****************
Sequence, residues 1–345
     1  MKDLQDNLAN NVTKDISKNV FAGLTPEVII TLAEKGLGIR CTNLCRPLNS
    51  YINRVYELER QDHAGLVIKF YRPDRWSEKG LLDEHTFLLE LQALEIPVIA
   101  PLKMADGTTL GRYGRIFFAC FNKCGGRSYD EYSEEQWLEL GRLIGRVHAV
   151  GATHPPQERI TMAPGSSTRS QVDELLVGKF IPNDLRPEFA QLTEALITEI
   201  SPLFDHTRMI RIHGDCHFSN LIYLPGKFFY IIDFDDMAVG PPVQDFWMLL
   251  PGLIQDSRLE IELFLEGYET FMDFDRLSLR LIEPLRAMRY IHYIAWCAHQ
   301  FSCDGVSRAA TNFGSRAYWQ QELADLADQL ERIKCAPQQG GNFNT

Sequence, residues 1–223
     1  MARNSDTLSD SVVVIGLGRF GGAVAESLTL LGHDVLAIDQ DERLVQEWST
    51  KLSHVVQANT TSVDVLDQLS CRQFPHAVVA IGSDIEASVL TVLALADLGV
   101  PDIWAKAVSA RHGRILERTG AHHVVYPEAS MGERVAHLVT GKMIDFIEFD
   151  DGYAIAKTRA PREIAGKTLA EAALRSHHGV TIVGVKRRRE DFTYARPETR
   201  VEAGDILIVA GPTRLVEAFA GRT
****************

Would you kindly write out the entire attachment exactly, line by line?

Sequence, residues 1–345
     1  MKDLQDNLAN NVTKDISKNV FAGLTPEVII TLAEKGLGIR CTNLCRPLNS
    51  YINRVYELER QDHAGLVIKF YRPDRWSEKG LLDEHTFLLE LQALEIPVIA
   101  PLKMADGTTL GRYGRIFFAC FNKCGGRSYD EYSEEQWLEL GRLIGRVHAV
   151  GATHPPQERI TMAPGSSTRS QVDELLVGKF IPNDLRPEFA QLTEALITEI
   201  SPLFDHTRMI RIHGDCHFSN LIYLPGKFFY IIDFDDMAVG PPVQDFWMLL
   251  PGLIQDSRLE IELFLEGYET FMDFDRLSLR LIEPLRAMRY IHYIAWCAHQ
   301  FSCDGVSRAA TNFGSRAYWQ QELADLADQL ERIKCAPQQG GNFNT

Sequence, residues 1–223
     1  MARNSDTLSD SVVVIGLGRF GGAVAESLTL LGHDVLAIDQ DERLVQEWST
    51  KLSHVVQANT TSVDVLDQLS CRQFPHAVVA IGSDIEASVL TVLALADLGV
   101  PDIWAKAVSA RHGRILERTG AHHVVYPEAS MGERVAHLVT GKMIDFIEFD
   151  DGYAIAKTRA PREIAGKTLA EAALRSHHGV TIVGVKRRRE DFTYARPETR
   201  VEAGDILIVA GPTRLVEAFA GRT